Of the countries mentioned as high-risk in the travel ban – South Korea, Italy, Iran, Spain, Germany, USA, UK, France and China – only Iran and China require visas to visit South Africa. 

  •  South Africa has revoked the over 8,000 visas granted to Chinese nationals, issued in January and February, who have yet to travel to South Africa
  •  South Africa has revoked the 425 visas to Iranian nationals, issued in January and February, who have yet to travel to South Africa

It is important to note that while France was not on President Cyril Ramaphosa’s list of high-risk countries, this was an oversight and it is certainly on the list that South Africa has included in its travel ban. The high-risk countries have been designated by World Health Organization, not the South African Government.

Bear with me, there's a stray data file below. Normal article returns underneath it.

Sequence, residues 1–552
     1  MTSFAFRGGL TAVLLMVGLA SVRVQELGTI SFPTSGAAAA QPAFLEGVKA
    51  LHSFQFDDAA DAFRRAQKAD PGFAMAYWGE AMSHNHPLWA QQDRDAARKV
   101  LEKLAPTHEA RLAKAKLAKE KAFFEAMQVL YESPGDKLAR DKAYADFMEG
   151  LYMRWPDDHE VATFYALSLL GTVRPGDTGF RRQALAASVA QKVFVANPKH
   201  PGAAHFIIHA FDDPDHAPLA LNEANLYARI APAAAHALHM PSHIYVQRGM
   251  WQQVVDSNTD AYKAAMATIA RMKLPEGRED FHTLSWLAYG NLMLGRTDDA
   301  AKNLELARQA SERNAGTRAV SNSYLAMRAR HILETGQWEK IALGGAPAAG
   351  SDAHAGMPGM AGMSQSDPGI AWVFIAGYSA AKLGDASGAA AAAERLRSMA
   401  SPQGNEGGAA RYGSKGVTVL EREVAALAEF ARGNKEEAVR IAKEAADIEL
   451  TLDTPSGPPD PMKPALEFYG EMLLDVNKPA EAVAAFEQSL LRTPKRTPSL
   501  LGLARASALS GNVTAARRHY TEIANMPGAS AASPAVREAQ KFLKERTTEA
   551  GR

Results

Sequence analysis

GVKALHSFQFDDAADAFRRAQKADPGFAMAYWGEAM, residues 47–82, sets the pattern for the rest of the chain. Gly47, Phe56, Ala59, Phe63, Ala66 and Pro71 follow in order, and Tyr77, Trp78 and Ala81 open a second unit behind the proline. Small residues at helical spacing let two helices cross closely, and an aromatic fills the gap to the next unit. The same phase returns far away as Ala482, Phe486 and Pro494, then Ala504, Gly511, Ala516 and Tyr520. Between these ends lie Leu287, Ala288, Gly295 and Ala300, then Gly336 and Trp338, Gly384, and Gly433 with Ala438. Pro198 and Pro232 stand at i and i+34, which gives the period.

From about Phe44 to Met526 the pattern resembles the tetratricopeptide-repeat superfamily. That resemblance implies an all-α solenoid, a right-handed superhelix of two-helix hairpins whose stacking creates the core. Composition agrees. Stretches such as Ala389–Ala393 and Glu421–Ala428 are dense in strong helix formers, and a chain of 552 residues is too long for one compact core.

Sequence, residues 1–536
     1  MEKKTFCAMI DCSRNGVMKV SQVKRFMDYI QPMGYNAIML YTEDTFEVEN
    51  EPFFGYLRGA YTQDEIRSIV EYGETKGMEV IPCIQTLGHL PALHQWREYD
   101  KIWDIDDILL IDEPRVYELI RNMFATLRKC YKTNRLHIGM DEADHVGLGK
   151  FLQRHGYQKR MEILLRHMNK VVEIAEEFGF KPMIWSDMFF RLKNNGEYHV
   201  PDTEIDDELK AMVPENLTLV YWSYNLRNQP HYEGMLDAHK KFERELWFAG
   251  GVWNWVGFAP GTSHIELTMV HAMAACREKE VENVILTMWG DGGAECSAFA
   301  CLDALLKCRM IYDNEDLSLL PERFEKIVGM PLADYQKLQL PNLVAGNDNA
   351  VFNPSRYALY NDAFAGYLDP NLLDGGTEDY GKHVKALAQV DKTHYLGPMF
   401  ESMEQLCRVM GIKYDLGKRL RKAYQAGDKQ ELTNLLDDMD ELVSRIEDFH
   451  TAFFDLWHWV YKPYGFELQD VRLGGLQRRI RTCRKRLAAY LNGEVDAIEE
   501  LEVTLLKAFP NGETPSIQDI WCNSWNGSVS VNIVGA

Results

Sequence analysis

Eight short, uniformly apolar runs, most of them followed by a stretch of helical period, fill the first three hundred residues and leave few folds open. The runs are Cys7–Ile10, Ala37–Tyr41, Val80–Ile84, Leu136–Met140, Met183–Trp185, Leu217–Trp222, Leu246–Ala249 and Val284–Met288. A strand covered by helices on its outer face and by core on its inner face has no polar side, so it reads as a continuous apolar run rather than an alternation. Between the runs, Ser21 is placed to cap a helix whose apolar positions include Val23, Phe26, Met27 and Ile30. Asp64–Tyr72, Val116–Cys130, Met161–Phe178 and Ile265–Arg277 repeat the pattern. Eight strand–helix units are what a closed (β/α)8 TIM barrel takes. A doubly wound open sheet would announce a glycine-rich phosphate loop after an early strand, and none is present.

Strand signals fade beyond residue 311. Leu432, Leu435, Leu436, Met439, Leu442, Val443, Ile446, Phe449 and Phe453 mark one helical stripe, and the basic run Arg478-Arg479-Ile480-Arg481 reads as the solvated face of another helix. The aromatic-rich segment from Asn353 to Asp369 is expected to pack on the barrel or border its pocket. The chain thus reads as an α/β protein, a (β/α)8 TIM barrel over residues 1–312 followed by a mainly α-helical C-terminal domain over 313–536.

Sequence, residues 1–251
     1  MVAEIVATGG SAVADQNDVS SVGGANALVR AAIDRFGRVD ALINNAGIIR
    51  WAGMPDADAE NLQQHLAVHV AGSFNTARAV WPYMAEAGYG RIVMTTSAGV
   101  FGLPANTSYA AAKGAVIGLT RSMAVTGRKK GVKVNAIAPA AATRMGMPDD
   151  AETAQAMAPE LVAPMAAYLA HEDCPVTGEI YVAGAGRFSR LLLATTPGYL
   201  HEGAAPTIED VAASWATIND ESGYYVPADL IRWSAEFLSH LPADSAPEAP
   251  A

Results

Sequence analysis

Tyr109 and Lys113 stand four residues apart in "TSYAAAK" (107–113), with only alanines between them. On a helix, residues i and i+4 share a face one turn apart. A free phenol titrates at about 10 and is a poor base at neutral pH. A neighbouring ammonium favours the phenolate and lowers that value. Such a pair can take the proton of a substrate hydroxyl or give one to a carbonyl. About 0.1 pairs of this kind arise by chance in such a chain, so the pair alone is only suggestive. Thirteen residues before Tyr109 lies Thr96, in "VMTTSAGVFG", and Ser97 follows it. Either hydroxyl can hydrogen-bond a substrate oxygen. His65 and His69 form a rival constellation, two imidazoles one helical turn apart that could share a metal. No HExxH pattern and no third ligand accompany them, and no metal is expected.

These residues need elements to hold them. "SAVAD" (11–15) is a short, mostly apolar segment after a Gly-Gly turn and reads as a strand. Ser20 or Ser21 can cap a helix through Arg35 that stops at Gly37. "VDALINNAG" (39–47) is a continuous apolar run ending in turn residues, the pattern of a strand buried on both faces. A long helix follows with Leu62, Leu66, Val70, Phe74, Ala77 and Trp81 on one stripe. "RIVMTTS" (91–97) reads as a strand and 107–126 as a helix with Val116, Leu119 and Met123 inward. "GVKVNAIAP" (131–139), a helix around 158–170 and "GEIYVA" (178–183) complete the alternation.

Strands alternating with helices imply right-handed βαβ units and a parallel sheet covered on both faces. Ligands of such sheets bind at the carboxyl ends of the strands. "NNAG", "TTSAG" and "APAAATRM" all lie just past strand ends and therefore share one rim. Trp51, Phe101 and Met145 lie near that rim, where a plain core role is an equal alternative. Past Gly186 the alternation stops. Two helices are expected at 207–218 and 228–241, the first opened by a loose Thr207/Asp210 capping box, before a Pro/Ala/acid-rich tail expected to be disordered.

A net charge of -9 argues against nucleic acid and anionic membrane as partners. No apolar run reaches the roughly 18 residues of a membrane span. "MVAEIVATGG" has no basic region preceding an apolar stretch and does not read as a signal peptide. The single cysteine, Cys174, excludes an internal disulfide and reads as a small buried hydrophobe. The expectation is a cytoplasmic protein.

For the other nationalities who are listed as high-risk, according to the World Health Organization, there will be a requirement to apply for a visa. These will be evaluated on travel history and not necessarily on nationality alone, i.e. a national from one of the high-risk countries who has not travelled to one of the high-risk countries may well be granted a visa to visit South Africa. 

For medium-risk countries – Hong Kong, Singapore and Portugal – we will require nationals to apply for visas providing a certificate indicating that they have undergone a test and they were found to be coronavirus-free. They will then be granted a visa to visit. 

The assessment to allow access to South Africa will be based on their travel history, not their nationality to ensure there is no discrimination. 

There are South Africans currently in various countries throughout the world, as well as foreign nationals in South African who want to return home. This repatriation process will occur after the restrictions come into effect tomorrow, 18 March, and will go on into the next week.